These first two ways essentially just try to mark with special words and punctuation what you'd do in speech with pauses and intonation. Remember: it's the speech that does the work and sets the rules; the writing just tries to report the speech, in a sort of half-assed way.

As I discovered when I took my first ESL teaching job, it's best to learn something about English before* you attempt to teach it. Otherwise your students will teach *you just how much you don't know, and this is not the most comfortable way to learn it.
Executive Summary: Make it clear before you make it short.

-John Lawler http://www.umich.edu/~jlawler U Michigan Linguistics Dept "A man does not know what he is saying until he knows what he is not saying." G.K. Chesterton, 1936, "As I Was Saying"
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Oi! AOL is my current choice because it's the cheapest ... to read headers you'd realise how I access this ng.

What is it that I wrote that made you think that I can't read your headers? BTW, why do you use the BrE spelling of "realize"? Are you here or there?

His Lake District Walking Tours site might be a clue, Skitt.

I've never understood people that "rubbish" AOL either. For some, it's strictly a decision based on cost. Others use it because someone else in the house likes certain features of AOL. I see no particular stigma in how a person accesses the net. It's what they do when they get there that counts.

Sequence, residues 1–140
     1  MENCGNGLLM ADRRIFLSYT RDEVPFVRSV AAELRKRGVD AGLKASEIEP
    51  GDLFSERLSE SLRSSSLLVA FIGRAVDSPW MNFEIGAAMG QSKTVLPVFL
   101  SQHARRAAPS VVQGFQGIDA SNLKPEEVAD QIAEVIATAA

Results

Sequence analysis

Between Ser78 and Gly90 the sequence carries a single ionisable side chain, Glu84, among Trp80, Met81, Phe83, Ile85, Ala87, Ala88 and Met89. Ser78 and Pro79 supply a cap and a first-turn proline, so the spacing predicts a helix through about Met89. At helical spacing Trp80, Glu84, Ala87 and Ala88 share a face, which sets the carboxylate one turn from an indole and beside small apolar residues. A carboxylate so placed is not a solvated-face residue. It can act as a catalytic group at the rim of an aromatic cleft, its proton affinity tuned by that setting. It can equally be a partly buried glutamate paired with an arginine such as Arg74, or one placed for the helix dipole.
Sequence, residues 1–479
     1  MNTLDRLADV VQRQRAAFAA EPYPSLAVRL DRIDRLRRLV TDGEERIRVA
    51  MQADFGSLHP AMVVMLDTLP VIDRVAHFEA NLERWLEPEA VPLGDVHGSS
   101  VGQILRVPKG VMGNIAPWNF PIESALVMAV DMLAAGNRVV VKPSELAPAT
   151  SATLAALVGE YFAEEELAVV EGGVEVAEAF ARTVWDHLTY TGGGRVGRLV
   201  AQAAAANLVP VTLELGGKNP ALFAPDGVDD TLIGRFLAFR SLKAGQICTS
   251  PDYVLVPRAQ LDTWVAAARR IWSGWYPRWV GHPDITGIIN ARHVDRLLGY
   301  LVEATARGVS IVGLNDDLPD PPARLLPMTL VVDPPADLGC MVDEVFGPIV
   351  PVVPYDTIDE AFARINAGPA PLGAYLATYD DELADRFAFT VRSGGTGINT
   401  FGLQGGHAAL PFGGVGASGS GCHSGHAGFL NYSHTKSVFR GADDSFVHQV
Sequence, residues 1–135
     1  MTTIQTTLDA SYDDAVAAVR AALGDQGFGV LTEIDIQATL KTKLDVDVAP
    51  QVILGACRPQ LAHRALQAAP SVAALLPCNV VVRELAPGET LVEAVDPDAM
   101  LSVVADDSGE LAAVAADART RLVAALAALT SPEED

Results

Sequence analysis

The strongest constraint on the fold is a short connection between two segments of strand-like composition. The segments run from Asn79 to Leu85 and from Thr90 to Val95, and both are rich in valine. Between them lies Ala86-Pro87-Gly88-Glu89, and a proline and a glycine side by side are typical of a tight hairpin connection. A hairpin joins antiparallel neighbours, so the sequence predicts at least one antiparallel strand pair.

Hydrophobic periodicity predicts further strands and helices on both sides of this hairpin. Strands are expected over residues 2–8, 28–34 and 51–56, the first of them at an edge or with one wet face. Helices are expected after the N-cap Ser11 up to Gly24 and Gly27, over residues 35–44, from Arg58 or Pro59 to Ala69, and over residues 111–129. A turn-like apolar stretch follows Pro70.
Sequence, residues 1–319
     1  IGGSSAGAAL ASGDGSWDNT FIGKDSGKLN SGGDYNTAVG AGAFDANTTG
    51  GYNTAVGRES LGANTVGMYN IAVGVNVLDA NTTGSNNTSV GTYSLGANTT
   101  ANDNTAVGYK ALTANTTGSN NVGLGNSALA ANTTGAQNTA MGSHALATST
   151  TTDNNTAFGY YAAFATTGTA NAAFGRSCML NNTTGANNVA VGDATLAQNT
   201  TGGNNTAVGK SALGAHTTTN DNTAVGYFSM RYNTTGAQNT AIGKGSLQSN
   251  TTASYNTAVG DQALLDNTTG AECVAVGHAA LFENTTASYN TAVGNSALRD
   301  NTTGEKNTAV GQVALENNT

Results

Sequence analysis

There's no difference in the difficulty of using a more "acceptable" ISP. It's all a matter of sticking in a CD. I've used Earthlink and AT&T, and would hardly claim any technical skills for successfully entering "I agree".
Fair enough in general, I suspect, but you've missed the target in this case. Paul may or may not be ... about headers. I believe it is indeed the cheapest option in areas of the UK where broadband is not available.

Neither obnoxious nor technotwittish, Don. I suspect that my attempt at humour backfired on me, not for the first time.

Paul
My Lake District walking site (updated 29th September 2003): http://paulrooney.netfirms.com
Please sponsor me for the London Marathon at:
http://www.justgiving.com/london2004
I've never understood people that "rubbish" AOL either. For some, it's strictly a decision based on cost.

But AOL used to cost more than most other services. Has that changed?
Skitt (in Hayward, California)
www.geocities.com/opus731/
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I've never understood people that "rubbish" AOL either. For some, it's strictly a decision based on cost.

But AOL used to cost more than most other services. Has that changed?

Here, it's equal to or greater than the cost of most other providers. The poster is in the UK, though.
Also, if a person chose to, he or she could connect to the internet for an almost limitless time using the free trial disks. You would think this is monitored, but I've talked to people that get away with it.